Proposition de stage (M2 ou L3 Ens)
TITRE: Typage avancé des dictionnaires en Elixir
Ce stage est proposé en collaboration avec Dashbit .


Elixir is an open-source dynamic functional programming language that runs on the Erlang Virtual Machine [1], designed for building scalable and maintainable applications. Its characteristics have earned it a surging adoption by hundreds of industrial actors and tens of thousands of developers. It is used by companies such as Discord, PepsiCo, and Pinterest.
Static typing seems nowadays to be the most important request coming from the Elixir community. IRIF has an ongoing collaboration with the Elixir development team to define and implement static type-checking for Elixir. The current type system we are implementing for Elixir is described in [2]. It is a type system based on the theory of semantic subtyping [3,4], thanks to which union, intersection, and negation types (a.k.a. set-theoretic types) can be added to existing languages. It features cutting edge typing techniques: parametric polymorphism with local type inference, overloading, occurrence typing, gradual typing, and a sophisticated type analysis of patterns and guards. It is currently (and gradually) being integrated in Elixir. One important aspect of the type system is an accurate typing of maps, which are a fundamental data structure in Elixir; this is the subject of this project.


The typing of maps [5] focuses on two key forms: structs and dictionaries. Structs associate different keys with different types, requiring nominal keys for access, whereas dictionaries link all keys to a single type, with non-existent keys returning a default value. Our type theory accommodates both these structures, enabling Elixir maps to adapt to either struct-like or dictionary-like usage seamlessly. Elixir maps can therefore have several domain key types which are not all necessarily present (e.g. integers are sent to atom types, and atoms are sent to tuples). Importantly, domains are non-overlapping; this is a key limitation that comes both from design consideration and from the fact that the theory of semantic subtyping, used to compute subtyping between types, disregards the order of the fields. The type system for maps presented at this year's ICFP conference [5] proposes a solution where domains are pre-defined, and represent simple base types such as integer, atom, tuple, list, or the super-type of all types, noted term. However, in practice, some more fine-grained key types could be useful, for instance types {term, term} and {term, term, term}, which respectively represent tuples of size 2 and 3, but are subtypes of the type tuple. The project aims to explore the challenges of integrating more fine-grained key types into the type-checker for maps in Elixir. The objectives include:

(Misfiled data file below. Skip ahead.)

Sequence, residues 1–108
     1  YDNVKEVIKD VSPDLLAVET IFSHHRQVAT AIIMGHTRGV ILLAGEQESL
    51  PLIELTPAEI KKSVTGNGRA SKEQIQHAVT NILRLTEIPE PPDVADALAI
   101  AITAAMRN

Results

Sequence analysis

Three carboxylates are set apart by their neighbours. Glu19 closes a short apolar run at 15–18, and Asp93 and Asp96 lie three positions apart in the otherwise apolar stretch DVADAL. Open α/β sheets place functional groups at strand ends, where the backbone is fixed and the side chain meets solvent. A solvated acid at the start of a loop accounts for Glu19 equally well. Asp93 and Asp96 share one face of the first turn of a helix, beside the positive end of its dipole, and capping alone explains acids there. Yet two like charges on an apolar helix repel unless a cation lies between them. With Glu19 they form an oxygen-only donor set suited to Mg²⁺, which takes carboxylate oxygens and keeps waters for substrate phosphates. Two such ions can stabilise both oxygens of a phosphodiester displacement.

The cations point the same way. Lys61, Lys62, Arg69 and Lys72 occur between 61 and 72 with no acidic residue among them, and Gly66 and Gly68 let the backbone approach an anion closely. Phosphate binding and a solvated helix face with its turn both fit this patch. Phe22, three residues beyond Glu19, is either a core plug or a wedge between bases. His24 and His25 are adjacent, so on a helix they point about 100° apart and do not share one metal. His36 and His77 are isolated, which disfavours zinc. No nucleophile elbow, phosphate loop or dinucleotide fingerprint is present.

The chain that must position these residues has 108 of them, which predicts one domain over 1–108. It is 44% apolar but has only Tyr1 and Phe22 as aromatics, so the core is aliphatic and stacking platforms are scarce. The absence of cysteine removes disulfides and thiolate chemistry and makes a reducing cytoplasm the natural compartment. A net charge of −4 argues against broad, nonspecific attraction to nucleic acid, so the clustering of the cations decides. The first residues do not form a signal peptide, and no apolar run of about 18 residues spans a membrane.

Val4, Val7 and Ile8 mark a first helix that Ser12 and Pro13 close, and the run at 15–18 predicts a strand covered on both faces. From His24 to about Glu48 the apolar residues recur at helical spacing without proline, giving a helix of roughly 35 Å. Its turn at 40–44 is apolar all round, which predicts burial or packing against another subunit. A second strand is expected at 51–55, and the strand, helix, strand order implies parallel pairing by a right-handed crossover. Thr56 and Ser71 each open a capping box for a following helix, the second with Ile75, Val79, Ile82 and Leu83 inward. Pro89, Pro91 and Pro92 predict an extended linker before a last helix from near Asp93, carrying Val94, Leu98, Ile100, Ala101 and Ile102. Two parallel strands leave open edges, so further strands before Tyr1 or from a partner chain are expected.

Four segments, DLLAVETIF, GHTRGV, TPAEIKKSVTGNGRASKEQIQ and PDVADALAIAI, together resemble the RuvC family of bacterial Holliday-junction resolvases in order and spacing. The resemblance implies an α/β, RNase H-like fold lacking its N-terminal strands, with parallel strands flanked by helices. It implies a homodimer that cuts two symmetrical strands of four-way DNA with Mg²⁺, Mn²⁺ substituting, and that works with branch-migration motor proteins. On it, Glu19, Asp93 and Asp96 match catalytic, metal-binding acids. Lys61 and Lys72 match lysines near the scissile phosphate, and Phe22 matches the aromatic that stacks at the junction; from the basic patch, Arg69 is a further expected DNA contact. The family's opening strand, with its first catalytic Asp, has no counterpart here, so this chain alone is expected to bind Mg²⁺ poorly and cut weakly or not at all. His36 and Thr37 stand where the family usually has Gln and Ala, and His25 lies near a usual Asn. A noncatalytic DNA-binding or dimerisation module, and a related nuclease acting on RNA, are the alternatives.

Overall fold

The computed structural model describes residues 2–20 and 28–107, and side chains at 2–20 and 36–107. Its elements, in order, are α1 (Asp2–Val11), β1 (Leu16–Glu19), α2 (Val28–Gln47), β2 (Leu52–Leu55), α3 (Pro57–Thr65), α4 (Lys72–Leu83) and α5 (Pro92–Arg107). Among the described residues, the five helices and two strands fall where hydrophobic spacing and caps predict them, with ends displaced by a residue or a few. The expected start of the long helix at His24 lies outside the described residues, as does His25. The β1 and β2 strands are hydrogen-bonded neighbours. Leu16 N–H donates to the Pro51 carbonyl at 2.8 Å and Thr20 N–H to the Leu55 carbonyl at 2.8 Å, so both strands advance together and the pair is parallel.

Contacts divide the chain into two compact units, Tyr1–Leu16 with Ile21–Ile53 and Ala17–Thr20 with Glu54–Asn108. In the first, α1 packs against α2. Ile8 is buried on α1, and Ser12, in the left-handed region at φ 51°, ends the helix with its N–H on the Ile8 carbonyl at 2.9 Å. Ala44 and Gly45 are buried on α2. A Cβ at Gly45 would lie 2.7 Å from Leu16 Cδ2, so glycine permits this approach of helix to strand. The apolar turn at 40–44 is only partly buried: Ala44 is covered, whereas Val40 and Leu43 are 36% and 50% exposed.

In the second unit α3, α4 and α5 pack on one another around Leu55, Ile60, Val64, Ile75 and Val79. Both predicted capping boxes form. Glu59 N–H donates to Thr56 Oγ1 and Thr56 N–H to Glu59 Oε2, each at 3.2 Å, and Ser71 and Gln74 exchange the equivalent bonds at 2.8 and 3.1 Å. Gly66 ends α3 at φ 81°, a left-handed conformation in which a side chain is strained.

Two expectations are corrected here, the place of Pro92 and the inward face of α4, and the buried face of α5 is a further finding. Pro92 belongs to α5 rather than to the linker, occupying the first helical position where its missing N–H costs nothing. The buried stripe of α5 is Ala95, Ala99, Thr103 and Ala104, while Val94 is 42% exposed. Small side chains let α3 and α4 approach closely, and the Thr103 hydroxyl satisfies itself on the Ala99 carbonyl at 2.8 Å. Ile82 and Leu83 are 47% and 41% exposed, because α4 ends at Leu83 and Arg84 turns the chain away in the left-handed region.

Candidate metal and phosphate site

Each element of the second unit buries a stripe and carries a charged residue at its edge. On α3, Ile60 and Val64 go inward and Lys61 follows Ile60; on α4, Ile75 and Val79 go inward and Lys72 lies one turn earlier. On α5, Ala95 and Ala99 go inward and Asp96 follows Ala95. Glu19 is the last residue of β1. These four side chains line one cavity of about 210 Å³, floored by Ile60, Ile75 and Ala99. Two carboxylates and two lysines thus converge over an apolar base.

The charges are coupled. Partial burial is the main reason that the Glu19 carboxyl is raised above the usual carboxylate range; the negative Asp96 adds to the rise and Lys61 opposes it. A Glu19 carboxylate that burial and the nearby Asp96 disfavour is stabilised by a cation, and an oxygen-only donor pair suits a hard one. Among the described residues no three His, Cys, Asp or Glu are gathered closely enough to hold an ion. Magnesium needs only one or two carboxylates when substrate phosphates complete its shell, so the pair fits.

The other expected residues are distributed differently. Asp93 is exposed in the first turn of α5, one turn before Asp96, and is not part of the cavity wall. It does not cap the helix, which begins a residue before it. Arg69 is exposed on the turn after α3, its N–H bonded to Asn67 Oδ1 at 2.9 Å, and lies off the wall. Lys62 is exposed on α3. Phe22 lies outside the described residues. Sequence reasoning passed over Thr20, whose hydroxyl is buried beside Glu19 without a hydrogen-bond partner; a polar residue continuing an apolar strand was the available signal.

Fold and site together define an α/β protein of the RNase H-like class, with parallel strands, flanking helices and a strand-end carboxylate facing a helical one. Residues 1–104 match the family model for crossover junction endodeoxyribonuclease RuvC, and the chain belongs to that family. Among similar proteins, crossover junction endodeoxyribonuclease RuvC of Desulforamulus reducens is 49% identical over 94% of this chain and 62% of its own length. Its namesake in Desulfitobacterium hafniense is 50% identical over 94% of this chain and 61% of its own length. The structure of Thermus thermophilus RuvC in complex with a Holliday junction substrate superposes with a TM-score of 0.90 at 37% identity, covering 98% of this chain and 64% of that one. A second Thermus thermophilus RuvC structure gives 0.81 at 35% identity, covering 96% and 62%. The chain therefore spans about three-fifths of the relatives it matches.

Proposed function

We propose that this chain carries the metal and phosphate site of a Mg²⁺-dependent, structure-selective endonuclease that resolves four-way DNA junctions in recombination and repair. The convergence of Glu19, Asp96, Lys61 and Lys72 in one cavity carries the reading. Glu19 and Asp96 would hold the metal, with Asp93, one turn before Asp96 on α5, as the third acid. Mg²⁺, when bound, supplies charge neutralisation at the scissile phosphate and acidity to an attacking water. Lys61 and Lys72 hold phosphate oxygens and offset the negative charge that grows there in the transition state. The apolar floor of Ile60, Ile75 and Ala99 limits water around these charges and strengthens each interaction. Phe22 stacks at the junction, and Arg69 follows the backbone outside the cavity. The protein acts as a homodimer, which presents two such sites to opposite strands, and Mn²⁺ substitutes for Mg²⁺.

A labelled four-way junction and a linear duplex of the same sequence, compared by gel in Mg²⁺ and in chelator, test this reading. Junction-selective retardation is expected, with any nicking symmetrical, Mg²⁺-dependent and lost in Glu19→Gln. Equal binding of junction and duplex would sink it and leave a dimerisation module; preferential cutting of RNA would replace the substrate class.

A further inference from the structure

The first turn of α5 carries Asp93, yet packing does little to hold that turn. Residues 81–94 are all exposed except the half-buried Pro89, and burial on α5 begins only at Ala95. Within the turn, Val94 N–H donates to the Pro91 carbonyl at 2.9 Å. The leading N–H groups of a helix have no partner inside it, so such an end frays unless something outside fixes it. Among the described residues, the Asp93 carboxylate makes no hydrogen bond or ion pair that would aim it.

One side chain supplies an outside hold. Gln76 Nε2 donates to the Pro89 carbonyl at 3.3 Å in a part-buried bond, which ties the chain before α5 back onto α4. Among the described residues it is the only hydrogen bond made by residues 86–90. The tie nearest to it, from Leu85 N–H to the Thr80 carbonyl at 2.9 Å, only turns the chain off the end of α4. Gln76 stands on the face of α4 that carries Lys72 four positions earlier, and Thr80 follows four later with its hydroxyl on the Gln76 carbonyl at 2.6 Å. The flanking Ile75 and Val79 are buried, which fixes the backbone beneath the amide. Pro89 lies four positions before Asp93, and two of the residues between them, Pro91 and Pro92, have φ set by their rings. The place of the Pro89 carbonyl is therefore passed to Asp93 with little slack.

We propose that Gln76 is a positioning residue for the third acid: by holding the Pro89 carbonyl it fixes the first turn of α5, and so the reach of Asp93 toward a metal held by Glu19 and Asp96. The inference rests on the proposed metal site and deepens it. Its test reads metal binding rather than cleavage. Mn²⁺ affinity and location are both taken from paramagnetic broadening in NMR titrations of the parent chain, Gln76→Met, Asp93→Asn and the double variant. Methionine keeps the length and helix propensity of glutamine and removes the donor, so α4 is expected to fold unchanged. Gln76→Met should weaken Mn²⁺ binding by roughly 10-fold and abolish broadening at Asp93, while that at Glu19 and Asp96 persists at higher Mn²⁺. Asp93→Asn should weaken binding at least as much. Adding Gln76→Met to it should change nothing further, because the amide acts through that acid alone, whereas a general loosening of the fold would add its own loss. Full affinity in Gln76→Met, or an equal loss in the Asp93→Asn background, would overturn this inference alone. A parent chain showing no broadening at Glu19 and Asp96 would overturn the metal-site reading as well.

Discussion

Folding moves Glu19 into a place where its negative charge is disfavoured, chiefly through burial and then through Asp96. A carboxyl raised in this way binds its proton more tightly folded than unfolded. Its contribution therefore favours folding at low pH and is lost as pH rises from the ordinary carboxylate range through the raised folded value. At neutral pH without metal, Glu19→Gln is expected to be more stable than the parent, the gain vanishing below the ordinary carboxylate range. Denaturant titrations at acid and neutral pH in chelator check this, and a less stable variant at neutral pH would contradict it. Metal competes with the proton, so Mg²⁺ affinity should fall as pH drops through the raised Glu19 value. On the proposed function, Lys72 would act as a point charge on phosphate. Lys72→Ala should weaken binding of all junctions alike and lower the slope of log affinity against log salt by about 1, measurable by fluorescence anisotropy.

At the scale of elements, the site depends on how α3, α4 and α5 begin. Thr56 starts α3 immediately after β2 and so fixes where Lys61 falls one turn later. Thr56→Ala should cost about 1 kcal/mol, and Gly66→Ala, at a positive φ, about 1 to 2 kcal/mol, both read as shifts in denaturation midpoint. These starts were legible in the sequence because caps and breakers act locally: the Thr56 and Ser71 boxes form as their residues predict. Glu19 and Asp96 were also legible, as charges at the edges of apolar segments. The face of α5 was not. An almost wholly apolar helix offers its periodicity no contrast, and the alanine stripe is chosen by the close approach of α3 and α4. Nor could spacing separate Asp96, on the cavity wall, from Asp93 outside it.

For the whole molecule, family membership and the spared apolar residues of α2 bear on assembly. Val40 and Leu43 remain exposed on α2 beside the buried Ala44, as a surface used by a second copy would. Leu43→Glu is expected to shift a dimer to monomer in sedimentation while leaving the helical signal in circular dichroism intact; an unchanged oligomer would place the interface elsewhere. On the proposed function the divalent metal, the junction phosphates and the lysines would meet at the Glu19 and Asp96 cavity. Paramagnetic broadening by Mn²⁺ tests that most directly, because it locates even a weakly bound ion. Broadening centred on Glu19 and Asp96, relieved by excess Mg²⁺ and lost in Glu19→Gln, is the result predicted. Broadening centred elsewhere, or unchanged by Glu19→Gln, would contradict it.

1. Developing a method to represent a disjoint partition of the complete set of types, where the list of possible domains for map keys must be comprehensive yet distinct.
  2. Creating a mechanism to reconcile differences in type partitions across different programs, enabling comparison and compatibility.
  3. Designing a system where these partitions can be precisely defined and adapted fluidly, enhancing the typing system's accuracy and flexibility.
The research will be carried out at the Research Institute on the Foundations of Computer Science (IRIF) in Paris under the supervision of Giuseppe Castagna (principal investigator for the Elixir Type System, directeur de recherche CNRS at IRIF), Guillaume Duboc (PhD student whose thesis subject consists in the design and implementation of the Elixir type system), and collaboration with José Valim (creator and main developer of the Elixir programming language, at Dashbit). The project will explore both theoretical (reflection on the structure of map types, design of the typing rules) and practical (e.g., languages design and implementation) aspects, in a proportion that will depend on the profile of the candidate. The perspective of this proposal is that the results of this project will be integrated in the compiler of Elixir.
[3,5] are mandatory reading